Aircraft carrier HMS Queen Elizabeth and her Carrier Strike Group have entered the South China Sea for the second time, despite Chinese warnings.
This is the second time the British carrier strike group has entered the disputed region.
UK Carrier Strike Group 21 is entering the South China Sea through Bashi Channel. pic.twitter.com/Gz6EKrpDov
— Duan Dang (@duandang) October 4, 2021
China previously issued a warning to the UK’s Carrier Strike Group not to carry out any “improper acts” as it entered the South China Sea for the first time earlier this year. The pro-government Global Times, which is seen as a mouthpiece for the ruling Chinese Communist Party, said:
“The People’s Liberation Army Navy is at a high state of combat readiness China has been closely monitoring the progress of the Carrier Strike Group, which is currently sailing through the South China Sea en route to Japan. It has also accused Britain of “still living in its colonial days.”
China claims almost all of the 1.3 million-square-mile South China Sea as its sovereign territory, and it has denounced the presence of foreign warships there as the root of tensions in the region.
China say that its claim to the sea is based both on the Law of the Sea Convention and its so-called ‘nine-dash’ line. This line extends for 2,000 kilometers from the Chinese mainland, encompassing over half of the sea. However in an historic decision in 2016, the international tribunal in The Hague ruled against part of China’s claims to the sea.
The US, UK and Australia routinely conduct freedom of navigation operations (or FONOPs) to challenge what Washington calls “attempts by coastal states to unlawfully restrict access to the seas”.
Both the US and UK have angered China previously by carrying out ‘Freedom of Navigation Patrols’ in the South China Sea to assert rights to freedom of navigation. For more on why the Carrier Group is in the disputed region, follow the link below.
“The Chinese side believes that the South China Sea should not become a sea of great power rivalry dominated by weapons and warships. The real source of militarisation in the South China Sea comes from countries outside this region sending their warships thousands of kilometres from home to flex muscles. The Chinese military will take necessary measures to safeguard its sovereignty, security and development interest as well as peace and stability in the South China Sea.”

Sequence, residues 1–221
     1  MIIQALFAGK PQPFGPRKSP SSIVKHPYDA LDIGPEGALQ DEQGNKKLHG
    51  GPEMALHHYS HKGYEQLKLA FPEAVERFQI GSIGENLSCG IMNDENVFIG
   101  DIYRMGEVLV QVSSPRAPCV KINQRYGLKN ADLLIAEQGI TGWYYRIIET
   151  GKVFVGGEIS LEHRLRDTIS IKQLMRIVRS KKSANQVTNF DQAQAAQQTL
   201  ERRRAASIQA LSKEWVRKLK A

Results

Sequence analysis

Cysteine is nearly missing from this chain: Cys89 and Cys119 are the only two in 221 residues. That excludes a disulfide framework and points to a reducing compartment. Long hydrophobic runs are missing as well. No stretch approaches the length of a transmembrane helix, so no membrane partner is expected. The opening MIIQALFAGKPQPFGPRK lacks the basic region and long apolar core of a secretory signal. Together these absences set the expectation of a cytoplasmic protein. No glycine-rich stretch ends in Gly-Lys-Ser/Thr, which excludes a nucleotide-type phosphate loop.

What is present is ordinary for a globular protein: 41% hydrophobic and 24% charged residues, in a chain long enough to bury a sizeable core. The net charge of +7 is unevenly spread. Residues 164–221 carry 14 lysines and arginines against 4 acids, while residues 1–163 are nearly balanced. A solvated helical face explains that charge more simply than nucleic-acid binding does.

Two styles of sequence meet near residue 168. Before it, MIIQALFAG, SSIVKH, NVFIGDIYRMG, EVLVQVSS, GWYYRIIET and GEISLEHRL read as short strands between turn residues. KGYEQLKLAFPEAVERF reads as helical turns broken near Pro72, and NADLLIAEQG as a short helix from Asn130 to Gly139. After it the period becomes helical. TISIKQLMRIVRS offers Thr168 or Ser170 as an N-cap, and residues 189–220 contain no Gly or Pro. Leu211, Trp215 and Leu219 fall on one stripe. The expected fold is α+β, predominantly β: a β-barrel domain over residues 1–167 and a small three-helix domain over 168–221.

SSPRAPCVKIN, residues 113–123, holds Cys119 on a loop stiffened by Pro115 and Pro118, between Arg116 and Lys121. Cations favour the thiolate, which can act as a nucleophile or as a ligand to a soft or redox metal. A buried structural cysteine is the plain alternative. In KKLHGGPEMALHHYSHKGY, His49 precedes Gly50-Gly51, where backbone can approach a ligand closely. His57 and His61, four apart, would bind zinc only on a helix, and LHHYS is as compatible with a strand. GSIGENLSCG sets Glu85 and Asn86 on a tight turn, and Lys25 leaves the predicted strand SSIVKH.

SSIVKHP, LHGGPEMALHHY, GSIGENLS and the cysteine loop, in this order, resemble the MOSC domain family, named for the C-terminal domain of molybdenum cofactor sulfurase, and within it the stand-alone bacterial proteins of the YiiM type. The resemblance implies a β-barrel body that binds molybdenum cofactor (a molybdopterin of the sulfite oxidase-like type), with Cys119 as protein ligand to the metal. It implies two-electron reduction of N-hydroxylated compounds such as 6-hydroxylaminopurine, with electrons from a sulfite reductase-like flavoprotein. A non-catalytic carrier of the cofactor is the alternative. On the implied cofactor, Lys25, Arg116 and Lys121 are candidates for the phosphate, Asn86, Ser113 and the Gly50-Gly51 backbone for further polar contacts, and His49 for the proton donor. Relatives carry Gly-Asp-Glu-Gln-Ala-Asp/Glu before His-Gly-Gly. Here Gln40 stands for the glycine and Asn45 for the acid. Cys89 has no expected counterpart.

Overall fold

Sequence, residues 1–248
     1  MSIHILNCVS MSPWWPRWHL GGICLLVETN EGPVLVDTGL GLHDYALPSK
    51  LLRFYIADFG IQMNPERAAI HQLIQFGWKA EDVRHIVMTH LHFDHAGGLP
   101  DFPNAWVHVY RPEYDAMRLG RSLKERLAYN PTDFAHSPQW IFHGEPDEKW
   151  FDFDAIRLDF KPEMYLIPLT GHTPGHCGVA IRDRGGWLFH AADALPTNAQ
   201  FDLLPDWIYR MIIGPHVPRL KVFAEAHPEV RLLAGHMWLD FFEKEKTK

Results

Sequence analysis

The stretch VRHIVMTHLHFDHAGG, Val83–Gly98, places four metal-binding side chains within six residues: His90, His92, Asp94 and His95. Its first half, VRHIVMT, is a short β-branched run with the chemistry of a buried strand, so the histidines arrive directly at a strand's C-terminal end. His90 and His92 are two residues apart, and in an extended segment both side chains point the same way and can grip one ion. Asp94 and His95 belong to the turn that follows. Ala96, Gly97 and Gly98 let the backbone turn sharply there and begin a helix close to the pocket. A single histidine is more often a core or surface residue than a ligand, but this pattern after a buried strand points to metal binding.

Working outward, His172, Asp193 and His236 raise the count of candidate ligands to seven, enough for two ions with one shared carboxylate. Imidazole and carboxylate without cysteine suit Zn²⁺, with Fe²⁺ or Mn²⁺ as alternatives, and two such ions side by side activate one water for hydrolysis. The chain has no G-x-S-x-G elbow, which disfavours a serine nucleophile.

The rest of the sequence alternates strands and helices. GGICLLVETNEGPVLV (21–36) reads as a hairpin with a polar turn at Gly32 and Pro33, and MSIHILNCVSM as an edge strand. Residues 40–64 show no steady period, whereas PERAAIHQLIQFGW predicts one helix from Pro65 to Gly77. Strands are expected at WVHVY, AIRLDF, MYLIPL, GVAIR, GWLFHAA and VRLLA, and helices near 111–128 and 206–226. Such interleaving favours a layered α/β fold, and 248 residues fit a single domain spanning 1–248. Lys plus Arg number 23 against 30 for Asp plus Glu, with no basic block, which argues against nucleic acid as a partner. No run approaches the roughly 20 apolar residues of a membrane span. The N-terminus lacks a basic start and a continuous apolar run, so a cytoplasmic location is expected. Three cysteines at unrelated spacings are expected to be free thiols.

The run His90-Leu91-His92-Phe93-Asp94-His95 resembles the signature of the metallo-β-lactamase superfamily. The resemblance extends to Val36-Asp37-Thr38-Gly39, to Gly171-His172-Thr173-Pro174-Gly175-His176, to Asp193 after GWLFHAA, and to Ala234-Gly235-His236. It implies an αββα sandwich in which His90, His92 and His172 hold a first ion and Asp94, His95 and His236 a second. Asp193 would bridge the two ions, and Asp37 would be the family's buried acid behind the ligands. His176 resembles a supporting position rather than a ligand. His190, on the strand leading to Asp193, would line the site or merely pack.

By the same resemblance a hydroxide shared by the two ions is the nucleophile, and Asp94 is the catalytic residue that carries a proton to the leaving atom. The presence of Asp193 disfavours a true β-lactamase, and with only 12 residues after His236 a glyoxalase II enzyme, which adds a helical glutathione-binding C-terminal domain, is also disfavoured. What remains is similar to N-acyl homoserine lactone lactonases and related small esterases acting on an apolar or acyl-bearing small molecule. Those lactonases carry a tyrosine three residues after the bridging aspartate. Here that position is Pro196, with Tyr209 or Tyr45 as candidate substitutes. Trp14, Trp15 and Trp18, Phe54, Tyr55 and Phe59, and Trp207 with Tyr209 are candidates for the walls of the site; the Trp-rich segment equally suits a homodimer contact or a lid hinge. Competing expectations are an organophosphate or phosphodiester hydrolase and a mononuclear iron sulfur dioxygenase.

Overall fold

Back at the start of the month, Foreign Secretary Dominic Raab told MPs that “It’s absolutely right we exercise and defend the rights, and we do so from the Ukrainian territorial sea to the South China Sea” after discussions on a British warship sailing through Ukrainian territory claimed by Russia.
What happened last time a British vessel sailed through the South China Sea?
In 2018, assault ship HMS Albion was challenged by a Chinese frigate and two helicopters during freedom of navigation exercise in the South China Sea. Local media report that both sides remained calm during the encounter and the Royal Navy assault ship continued on course despite protests from China.
What is the UK Carrier Strike Group doing?
HMS Queen Elizabeth is the deployed flag ship for Carrier Strike Group 21 (CSG21), a deployment that will see the ship and her escorts sail to the Asia-Pacific and back. The Carrier Strike Group includes ships from the United States Navy, the Dutch Navy, and Marines from the US Marine Corps as well as air assets from 617 Sqn, 820 NAS, 815 NAS and 845 NAS.
The Royal Navy say that the UK’s Carrier Strike Group will visit more than one fifth of the world’s nations. Led by HMS Queen Elizabeth, the task group will visit 40 nations including India, Japan, Republic of Korea and Singapore in a deployment covering 26,000 nautical miles.
“While in the Pacific, ships from the Carrier Strike Group will mark the 50th anniversary of the Five Powers Defence Agreement between Malaysia, Singapore, Australia, New Zealand and the UK by taking part in Exercise Bersama Lima. Joining HMS Queen Elizabeth on her maiden deployment are destroyers HMS Diamond and Defender; frigates HMS Richmond and Kent; an Astute-class submarine in support below the waves; and Royal Fleet Auxiliary support ships RFA Fort Victoria and RFA Tidespring.
More than 30 aircraft will also embark across the task group including F-35 jets from 617 Squadron, the Dambusters, and the US Marine Corps’ VMFA-211; Wildcat helicopters from 815 Naval Air Squadron and Merlin helicopters from 820 and 845 Naval Air Squadrons. Royal Marines from 42 Commando will also deploy with the carrier. Dutch frigate HNLMS Evertsen and American Arleigh Burke destroyer USS The Sullivans are also part of the strike group.”
For analysis on the rationale behind entering the South China Sea, followthe link below.